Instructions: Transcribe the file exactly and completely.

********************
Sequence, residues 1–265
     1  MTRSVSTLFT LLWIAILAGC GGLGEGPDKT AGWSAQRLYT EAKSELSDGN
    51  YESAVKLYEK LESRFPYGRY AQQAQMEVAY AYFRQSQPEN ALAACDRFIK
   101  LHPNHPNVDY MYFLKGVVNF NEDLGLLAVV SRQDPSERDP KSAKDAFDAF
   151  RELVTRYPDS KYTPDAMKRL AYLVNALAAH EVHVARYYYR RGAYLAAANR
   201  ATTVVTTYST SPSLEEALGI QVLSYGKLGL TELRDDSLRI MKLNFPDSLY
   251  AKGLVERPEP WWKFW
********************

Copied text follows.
Sequence, residues 1–265
     1  MTRSVSTLFT LLWIAILAGC GGLGEGPDKT AGWSAQRLYT EAKSELSDGN
    51  YESAVKLYEK LESRFPYGRY AQQAQMEVAY AYFRQSQPEN ALAACDRFIK
   101  LHPNHPNVDY MYFLKGVVNF NEDLGLLAVV SRQDPSERDP KSAKDAFDAF
   151  RELVTRYPDS KYTPDAMKRL AYLVNALAAH EVHVARYYYR RGAYLAAANR
   201  ATTVVTTYST SPSLEEALGI QVLSYGKLGL TELRDDSLRI MKLNFPDSLY
   251  AKGLVERPEP WWKFW